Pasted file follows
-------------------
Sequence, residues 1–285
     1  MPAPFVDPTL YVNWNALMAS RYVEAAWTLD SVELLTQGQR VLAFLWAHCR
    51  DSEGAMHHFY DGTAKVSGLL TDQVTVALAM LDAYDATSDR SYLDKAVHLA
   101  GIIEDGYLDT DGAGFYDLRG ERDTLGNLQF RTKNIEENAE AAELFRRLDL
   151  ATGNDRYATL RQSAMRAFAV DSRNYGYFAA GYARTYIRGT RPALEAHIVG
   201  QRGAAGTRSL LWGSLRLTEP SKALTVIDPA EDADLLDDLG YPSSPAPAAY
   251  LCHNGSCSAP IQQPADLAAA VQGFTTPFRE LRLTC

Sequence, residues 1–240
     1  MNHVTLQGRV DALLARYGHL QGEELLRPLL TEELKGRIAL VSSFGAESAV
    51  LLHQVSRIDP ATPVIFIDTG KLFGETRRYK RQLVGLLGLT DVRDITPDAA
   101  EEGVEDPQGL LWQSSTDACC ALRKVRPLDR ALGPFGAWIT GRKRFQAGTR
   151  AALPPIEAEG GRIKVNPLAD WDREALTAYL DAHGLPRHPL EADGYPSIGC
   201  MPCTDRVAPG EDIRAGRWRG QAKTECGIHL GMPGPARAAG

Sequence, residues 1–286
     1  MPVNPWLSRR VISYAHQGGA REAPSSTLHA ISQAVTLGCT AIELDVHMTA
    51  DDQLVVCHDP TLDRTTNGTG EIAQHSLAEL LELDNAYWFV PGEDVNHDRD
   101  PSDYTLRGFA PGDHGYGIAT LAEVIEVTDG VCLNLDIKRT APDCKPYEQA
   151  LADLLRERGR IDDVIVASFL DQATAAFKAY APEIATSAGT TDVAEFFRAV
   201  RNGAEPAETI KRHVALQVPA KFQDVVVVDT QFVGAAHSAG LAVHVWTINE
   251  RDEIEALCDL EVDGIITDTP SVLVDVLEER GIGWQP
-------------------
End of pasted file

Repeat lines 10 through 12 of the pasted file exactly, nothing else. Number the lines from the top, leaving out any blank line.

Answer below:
    51  LLHQVSRIDP ATPVIFIDTG KLFGETRRYK RQLVGLLGLT DVRDITPDAA
   101  EEGVEDPQGL LWQSSTDACC ALRKVRPLDR ALGPFGAWIT GRKRFQAGTR
   151  AALPPIEAEG GRIKVNPLAD WDREALTAYL DAHGLPRHPL EADGYPSIGC